If you’re a parent — or you know a parent — who is having trouble with your child’s school, there are other options.
Since she’s homeschooled, Namine doesn’t have an IEP. But as we approach the time for her first state testing, we need to make sure certain accommodations can be met for her.
As the year goes on, I am beginning to see news about IEPs from many of the special needs folks whom I follow on various social networks. I do not envy them.
Jessica, Namine, and I made the drive up to Medford for Namine’s school orientation (which she’s been calling her “ornamentation”) today. We had a great time.
We thought we were past the lunacy of IEPs. We were wrong.
Jessica and I had the IEP meeting – reevaluation? I’m not sure exactly – this morning. So we had a choice: either bring Namine with us at 7:45 this morning, or get someone to watch her. My mom was kind enough to come over and stay with her. The meeting didn’t take too long, fortunately, and Namine was still asleep by the time we got back.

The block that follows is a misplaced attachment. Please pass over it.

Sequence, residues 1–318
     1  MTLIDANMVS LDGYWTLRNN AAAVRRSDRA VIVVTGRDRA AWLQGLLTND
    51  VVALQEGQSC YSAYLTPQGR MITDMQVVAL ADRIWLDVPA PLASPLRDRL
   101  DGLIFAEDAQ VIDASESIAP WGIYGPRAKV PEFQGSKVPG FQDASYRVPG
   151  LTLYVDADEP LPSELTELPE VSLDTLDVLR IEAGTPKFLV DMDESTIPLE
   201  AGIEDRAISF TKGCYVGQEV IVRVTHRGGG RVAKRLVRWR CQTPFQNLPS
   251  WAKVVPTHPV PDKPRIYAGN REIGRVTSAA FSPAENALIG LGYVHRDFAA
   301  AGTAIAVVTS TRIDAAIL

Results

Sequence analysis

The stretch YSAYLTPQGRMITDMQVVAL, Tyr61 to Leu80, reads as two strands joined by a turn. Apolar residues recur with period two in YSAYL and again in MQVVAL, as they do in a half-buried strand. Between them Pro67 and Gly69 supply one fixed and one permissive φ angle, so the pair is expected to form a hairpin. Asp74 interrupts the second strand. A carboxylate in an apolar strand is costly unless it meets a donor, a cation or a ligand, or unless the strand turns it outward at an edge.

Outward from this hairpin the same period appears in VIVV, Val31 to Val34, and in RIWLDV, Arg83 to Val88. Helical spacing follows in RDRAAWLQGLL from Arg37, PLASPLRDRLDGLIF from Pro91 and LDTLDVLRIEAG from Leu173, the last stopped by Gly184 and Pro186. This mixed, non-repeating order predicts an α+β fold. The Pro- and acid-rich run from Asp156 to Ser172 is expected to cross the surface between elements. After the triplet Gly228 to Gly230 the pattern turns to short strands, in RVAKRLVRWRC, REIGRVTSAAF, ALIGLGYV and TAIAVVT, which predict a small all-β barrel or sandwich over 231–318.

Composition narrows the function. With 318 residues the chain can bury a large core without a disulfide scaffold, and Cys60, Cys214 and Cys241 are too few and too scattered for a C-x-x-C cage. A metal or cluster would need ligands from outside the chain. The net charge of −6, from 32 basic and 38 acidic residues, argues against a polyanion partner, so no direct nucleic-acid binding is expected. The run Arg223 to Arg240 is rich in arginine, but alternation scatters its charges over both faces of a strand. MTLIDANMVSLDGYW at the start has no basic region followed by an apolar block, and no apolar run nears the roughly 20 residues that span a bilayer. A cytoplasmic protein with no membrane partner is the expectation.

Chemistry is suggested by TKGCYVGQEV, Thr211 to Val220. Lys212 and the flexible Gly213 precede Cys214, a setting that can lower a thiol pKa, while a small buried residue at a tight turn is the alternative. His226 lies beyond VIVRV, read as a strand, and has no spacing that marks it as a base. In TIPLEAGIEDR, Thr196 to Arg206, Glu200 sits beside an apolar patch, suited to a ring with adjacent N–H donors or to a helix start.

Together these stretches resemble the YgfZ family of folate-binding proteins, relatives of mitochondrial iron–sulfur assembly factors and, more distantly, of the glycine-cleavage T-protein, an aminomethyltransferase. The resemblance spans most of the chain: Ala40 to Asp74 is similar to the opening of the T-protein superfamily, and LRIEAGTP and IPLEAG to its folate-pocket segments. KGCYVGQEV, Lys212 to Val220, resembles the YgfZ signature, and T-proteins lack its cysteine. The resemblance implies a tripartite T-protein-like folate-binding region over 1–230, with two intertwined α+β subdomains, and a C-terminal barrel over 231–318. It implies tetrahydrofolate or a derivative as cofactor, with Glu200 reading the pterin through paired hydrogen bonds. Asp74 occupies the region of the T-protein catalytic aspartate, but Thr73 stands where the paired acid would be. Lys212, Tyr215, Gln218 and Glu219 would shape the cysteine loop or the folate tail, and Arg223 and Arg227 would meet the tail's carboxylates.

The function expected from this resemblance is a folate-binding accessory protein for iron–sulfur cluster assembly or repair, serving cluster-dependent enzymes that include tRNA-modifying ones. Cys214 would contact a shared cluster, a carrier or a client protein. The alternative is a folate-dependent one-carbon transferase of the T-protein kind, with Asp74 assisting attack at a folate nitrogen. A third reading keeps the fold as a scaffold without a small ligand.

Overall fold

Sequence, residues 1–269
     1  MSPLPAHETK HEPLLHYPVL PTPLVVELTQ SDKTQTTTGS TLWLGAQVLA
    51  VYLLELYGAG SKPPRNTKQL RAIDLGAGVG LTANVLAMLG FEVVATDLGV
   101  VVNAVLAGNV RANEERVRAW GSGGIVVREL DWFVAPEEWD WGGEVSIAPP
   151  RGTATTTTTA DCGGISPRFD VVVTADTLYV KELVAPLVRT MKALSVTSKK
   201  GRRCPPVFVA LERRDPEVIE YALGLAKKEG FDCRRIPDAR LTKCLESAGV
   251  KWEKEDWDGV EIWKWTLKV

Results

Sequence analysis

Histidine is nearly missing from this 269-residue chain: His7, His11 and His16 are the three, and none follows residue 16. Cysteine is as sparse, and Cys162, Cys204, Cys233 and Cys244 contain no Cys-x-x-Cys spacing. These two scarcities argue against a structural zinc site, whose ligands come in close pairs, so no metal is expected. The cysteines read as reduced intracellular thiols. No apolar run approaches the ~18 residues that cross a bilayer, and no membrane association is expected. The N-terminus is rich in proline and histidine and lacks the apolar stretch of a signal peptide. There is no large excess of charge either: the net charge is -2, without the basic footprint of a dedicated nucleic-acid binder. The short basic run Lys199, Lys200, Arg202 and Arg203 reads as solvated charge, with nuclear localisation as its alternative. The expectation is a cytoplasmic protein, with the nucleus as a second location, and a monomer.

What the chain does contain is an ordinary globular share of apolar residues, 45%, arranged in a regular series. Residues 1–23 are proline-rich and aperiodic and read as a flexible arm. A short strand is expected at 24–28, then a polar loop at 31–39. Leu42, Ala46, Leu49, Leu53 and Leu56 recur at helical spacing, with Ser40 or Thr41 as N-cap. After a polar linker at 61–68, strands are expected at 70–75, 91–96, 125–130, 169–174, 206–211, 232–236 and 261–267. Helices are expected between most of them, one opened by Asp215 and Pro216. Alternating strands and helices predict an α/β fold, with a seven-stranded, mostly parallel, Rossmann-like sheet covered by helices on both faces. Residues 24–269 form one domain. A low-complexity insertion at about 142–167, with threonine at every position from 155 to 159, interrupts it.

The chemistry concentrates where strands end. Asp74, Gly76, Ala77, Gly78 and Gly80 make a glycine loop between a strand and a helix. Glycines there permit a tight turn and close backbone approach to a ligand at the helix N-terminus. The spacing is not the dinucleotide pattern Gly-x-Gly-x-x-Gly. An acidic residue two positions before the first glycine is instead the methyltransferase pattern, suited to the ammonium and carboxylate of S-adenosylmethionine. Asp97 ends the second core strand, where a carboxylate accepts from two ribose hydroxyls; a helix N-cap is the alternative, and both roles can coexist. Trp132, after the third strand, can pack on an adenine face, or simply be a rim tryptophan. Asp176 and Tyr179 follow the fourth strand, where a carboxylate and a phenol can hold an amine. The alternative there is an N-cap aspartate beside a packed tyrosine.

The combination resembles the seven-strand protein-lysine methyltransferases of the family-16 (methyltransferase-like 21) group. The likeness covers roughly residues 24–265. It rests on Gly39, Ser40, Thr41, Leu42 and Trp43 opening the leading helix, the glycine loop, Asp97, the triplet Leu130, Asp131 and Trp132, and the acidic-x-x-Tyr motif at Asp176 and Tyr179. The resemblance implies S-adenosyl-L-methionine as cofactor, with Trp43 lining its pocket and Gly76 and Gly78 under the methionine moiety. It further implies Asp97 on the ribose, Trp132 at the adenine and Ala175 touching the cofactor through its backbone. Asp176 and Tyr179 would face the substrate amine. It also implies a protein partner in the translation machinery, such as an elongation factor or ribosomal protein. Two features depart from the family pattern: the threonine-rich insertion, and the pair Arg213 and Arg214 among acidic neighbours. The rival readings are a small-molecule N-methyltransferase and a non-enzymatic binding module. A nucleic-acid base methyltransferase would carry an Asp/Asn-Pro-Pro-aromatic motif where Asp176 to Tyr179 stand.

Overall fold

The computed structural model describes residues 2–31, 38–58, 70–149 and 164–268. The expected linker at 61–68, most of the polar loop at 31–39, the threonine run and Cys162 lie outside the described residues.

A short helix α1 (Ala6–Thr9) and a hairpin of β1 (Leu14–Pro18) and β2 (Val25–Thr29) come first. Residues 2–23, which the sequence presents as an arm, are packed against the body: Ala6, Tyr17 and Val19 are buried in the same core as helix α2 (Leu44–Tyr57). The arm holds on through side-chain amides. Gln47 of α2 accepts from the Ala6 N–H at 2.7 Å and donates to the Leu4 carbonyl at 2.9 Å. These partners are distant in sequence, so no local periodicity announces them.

Namine went on a field trip with her class yesterday to a pumpkin farm. My dad had the pleasure of going with her, but apparently he’s too busy to write about it. Fine, I’ll just post the pictures he took.
To paraphrase The Who, “the new IEP, same as the old IEP.” Rather, in this case, we hope not. Namine’s IEP meeting was on Monday, and we came away from it feeling good. As always, though, time will tell.
Well, kids, it’s official. Namine’s feet have been declared just fine and dandy (if more than a little smelly) by both her orthopedic and plastic surgeons. This is momentous news indeed!
The most frustrating thing, I think, about Namine being a quote-unquote “special needs child” is not her medication, fragile immune system, or even doctor appointments. Perhaps a year or two ago I would have said differently, but now that she is stable, it’s dealing with the school system.